Format

Send to

Choose Destination
Epilepsy Res. 2016 May;122:26-9. doi: 10.1016/j.eplepsyres.2016.02.004. Epub 2016 Feb 10.

Major and minor complications in extraoperative electrocorticography: A review of a national database.

Author information

1
Department of Neurological Surgery, University of California, San Francisco, CA, USA. Electronic address: john.rolston@ucsf.edu.
2
Department of Neurological Surgery, University of California, San Francisco, CA, USA.
3
Department of Neurology, University of California, San Francisco, CA, USA.

Abstract

The risk profile of extraoperative electrocorticography (ECoG) is documented almost exclusively by case series from a limited number of academic medical centers. These studies tend to underreport minor complications, like urinary tract infections (UTIs) and deep venous thromboses (DVTs), that nevertheless affect hospital cost, length of stay, and the patient's quality of life. Herein, we used data from the American College of Surgeons (ACS) National Surgical Quality Improvement Program (NSQIP) to estimate the rate of adverse events in extraoperative ECoG surgeries. NSQIP is a validated dataset containing nearly 3 million procedures from over 600 North American hospitals, and uses strict criteria for the documentation of complications. Major complications occurred in 3.4% of 177 extraoperative ECoG cases, while minor complications occurred in 9.6%. The most common minor complication was bleeding requiring a transfusion in 3.4% of cases, followed by sepsis, DVT, and UTI each in 2.3% of cases. No mortality was reported. Overall, in a national database containing a heterogeneous population of hospitals, major complications of extraoperative ECoG were rare (3.4%). Complications such as UTI and DVT tend to be underreported in retrospective case series, yet make up a majority of minor complications for ECoG patients in this dataset.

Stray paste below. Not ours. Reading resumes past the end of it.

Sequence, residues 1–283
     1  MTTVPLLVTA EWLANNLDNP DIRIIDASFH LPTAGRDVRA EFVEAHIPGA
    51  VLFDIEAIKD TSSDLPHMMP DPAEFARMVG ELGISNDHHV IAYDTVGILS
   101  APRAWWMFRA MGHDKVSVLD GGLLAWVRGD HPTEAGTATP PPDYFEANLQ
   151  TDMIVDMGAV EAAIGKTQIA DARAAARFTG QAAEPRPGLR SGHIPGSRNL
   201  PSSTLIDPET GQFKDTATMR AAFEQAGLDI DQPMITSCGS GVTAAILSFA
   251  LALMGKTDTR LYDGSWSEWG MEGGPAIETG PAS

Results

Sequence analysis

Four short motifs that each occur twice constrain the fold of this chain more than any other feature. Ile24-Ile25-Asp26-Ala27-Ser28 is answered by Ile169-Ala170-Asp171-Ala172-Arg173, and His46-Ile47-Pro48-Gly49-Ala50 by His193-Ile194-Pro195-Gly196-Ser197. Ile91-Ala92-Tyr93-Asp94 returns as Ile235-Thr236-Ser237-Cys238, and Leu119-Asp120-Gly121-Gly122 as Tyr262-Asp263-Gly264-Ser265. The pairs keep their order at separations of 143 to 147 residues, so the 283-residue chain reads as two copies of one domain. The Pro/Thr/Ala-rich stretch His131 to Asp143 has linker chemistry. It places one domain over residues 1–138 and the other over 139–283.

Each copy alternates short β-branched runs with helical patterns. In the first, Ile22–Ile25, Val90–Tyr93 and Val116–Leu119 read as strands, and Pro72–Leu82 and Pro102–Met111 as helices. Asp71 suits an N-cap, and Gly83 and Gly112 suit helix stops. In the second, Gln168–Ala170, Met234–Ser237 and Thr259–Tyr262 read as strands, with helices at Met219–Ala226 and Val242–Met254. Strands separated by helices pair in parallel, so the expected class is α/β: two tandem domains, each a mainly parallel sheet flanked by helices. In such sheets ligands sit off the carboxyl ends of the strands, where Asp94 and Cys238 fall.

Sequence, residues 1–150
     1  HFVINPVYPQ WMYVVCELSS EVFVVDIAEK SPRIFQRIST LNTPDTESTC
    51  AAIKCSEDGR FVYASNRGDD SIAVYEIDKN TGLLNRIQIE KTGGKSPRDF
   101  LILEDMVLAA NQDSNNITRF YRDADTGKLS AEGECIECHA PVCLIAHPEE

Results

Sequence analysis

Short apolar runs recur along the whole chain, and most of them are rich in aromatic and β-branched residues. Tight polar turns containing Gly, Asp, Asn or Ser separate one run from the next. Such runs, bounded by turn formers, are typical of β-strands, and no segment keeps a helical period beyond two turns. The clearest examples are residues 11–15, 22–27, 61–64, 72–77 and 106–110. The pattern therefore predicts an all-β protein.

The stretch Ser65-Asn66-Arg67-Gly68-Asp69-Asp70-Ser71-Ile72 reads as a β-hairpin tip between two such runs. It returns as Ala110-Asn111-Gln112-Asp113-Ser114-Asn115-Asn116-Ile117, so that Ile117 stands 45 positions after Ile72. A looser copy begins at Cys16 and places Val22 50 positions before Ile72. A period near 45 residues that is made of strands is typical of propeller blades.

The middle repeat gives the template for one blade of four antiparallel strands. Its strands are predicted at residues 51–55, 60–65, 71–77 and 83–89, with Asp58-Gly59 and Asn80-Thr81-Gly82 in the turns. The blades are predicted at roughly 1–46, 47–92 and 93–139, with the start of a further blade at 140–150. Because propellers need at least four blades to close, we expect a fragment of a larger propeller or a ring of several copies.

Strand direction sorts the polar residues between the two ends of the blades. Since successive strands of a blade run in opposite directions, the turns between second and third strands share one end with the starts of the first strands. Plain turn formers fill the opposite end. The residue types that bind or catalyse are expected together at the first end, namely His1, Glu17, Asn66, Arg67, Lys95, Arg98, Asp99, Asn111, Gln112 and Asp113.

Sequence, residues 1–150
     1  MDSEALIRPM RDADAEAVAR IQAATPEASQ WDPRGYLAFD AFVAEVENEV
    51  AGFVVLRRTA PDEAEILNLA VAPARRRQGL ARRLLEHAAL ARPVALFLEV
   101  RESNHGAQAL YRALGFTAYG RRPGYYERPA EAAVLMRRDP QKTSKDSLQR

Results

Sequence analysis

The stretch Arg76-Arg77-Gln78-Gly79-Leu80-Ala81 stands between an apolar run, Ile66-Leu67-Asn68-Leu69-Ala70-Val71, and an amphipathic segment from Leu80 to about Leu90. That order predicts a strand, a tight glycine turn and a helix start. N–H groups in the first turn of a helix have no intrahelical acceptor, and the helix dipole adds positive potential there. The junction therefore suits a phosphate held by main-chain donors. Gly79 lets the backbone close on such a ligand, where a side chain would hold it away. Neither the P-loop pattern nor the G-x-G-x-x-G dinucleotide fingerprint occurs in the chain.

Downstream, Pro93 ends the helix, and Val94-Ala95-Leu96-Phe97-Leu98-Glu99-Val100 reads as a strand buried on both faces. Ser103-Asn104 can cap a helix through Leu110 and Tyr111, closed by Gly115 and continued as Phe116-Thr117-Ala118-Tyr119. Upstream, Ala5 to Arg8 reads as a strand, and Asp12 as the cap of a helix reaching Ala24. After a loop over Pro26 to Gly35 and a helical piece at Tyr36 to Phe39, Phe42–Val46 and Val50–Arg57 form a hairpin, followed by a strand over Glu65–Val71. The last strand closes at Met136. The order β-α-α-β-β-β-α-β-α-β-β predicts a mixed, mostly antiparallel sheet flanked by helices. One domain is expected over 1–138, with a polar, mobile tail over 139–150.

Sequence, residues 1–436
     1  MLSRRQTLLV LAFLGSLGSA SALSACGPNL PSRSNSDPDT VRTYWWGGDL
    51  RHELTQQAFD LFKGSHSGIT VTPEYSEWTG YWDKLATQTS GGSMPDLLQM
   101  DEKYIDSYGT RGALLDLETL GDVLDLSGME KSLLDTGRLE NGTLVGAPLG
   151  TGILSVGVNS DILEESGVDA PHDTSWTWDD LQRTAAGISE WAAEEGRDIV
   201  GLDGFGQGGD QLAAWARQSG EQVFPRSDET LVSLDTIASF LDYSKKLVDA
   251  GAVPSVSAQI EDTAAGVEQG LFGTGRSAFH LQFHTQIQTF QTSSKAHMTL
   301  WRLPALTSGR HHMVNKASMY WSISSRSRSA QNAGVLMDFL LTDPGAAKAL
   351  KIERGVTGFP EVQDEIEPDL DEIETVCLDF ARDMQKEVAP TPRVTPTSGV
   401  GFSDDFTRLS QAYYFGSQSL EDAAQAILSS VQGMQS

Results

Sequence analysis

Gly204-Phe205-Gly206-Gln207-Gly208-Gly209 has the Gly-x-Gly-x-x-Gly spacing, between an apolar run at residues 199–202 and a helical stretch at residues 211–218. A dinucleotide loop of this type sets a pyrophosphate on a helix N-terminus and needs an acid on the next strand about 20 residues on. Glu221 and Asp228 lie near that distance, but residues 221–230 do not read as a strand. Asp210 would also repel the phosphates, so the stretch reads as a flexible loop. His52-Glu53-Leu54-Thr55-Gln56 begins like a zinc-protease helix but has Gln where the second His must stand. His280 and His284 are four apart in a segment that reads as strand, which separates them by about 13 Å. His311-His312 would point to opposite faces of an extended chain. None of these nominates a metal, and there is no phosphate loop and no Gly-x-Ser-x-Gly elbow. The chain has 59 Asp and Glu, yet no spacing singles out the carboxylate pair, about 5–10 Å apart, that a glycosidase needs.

KEYWORDS:

Adverse events; Complications; ECoG; Epilepsy; Patient safety; Seizures

PMID:
26921853
PMCID:
PMC5274526
DOI:
10.1016/j.eplepsyres.2016.02.004
[Indexed for MEDLINE]
Free PMC Article

Supplemental Content

Full text links

Icon for Elsevier Science Icon for PubMed Central
Loading ...
Support Center